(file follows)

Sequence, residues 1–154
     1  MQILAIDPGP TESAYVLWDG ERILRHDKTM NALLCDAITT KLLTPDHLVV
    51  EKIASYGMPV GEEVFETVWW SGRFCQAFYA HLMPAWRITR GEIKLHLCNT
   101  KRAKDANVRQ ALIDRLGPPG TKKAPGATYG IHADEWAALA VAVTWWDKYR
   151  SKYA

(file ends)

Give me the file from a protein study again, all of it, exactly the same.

Sequence, residues 1–154
     1  MQILAIDPGP TESAYVLWDG ERILRHDKTM NALLCDAITT KLLTPDHLVV
    51  EKIASYGMPV GEEVFETVWW SGRFCQAFYA HLMPAWRITR GEIKLHLCNT
   101  KRAKDANVRQ ALIDRLGPPG TKKAPGATYG IHADEWAALA VAVTWWDKYR
   151  SKYA